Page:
Monday, March 02, 2009

Time magazine gets it right on Iran -- almost

It's hard to criticize any article appearing in a mainstream rag like Time that gets across these crucial facts in the face of the ceaseless fear-mongering:
In order to turn its stockpile of low-enriched uranium into bomb fuel, Iran would have to unambiguously declare its intentions by kicking out the inspectors and breaking from the [Nuclear Non-Proliferation] treaty. Only then could it reconfigure its centrifuge cascades and reprocess the material to higher grades of enrichment, which would likely take a number of months. And the single very crude, very large nuclear device that would result — too large to be delivered by missile or by fighter aircraft — would not constitute a credible strategic nuclear capability.
However, the same article gets this critical aspect of the story very wrong:
Last month, Obama mentioned Iran's "development of a nuclear weapon" at a news conference before later correcting himself to specify that he was referring to Iran's pursuit of the "capability" to produce such a weapon. That's in line with the assessment offered by his director of National Intelligence, Admiral Dennis Blair, in a Feb. 9 briefing to the Senate Intelligence Committee: "Although we do not know whether Iran currently intends to develop nuclear weapons, we assess Tehran at a minimum is keeping open the option to develop them."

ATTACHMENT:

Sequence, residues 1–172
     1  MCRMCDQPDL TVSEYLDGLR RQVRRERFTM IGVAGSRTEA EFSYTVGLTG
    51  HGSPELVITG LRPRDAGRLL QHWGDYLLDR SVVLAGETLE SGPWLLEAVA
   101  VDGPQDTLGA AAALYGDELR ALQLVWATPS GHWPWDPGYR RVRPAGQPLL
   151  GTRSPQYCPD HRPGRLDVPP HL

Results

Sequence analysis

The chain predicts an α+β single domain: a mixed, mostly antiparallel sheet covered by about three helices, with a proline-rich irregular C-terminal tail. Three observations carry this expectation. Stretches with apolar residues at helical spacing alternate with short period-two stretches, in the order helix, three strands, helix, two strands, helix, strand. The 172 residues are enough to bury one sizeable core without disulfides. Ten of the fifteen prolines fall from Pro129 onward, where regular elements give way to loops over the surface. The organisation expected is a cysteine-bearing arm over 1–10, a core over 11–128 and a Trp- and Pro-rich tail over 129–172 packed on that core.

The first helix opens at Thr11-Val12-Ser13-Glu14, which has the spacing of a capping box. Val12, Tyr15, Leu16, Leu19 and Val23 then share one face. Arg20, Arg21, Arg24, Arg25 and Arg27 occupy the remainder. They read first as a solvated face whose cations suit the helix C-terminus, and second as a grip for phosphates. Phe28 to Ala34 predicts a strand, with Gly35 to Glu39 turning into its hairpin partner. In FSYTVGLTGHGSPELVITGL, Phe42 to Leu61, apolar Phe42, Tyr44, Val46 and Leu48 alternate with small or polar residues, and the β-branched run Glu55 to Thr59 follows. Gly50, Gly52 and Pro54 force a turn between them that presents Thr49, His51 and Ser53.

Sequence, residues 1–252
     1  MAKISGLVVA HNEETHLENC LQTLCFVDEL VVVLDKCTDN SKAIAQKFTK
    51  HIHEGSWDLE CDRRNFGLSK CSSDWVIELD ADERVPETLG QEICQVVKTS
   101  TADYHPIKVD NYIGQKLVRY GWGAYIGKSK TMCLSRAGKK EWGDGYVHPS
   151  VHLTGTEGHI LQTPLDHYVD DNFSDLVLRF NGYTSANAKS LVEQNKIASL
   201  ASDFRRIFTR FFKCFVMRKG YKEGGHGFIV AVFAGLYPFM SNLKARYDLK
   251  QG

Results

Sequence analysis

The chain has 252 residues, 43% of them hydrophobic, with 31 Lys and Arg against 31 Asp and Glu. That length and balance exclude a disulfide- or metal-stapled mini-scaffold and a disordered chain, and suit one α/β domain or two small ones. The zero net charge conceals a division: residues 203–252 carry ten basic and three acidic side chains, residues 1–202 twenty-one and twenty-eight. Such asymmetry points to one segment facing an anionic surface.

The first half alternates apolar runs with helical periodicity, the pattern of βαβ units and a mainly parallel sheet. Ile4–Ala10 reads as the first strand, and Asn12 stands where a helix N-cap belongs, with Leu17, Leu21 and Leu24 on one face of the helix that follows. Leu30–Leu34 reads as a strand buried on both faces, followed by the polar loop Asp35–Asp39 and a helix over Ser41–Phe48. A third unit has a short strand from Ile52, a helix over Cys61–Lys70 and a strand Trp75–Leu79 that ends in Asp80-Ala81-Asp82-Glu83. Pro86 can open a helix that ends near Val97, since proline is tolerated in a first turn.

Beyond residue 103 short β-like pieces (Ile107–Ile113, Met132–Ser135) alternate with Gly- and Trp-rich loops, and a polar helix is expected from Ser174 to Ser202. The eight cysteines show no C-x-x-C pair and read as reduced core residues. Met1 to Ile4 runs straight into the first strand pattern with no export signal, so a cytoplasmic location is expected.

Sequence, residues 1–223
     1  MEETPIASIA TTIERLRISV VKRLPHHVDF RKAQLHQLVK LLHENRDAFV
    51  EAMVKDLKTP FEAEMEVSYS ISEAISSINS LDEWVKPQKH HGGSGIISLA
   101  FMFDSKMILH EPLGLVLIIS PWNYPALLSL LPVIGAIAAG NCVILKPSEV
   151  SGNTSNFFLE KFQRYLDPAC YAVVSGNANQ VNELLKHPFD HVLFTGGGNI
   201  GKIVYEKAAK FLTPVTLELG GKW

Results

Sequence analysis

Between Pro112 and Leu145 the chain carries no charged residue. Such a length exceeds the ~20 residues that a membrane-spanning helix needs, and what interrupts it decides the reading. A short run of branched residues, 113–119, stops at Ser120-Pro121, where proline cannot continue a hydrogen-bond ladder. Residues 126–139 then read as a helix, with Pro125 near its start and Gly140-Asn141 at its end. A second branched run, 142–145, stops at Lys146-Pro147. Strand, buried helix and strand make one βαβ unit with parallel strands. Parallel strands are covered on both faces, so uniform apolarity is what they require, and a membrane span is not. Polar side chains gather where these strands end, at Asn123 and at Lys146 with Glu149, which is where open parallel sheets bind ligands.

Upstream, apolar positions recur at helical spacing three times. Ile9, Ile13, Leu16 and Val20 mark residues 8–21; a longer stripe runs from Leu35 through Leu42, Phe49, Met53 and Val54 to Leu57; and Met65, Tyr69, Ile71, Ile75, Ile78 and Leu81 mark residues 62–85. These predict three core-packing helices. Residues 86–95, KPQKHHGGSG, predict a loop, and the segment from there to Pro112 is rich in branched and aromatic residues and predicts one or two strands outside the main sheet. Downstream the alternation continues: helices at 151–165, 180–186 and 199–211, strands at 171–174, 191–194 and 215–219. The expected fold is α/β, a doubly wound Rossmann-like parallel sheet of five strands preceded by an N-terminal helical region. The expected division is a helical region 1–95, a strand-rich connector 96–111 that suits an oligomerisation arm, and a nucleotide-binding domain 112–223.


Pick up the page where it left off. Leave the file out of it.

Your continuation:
At no time in the February 9th news conference to which the Time article refers does the word "capability" appear. Obama's "correction", if it can be called that, was to refer to Iran's "development of a nuclear weapon or their pursuit of a nuclear weapon." The fact that Obama didn't even hedge his statement with the misleading qualifier "capability", while his Director of National Intelligence states Iran ended any such nuclear weapons program more than five years ago, is a telling example of the new administration distorting intelligence with as brazenly as the last one.

That the administration's top foreign policy officials -- the president and the secretary of state -- are casually and regularly distorting the intelligence on Iran's nuclear program is a big deal. Someone ought to call them on it.

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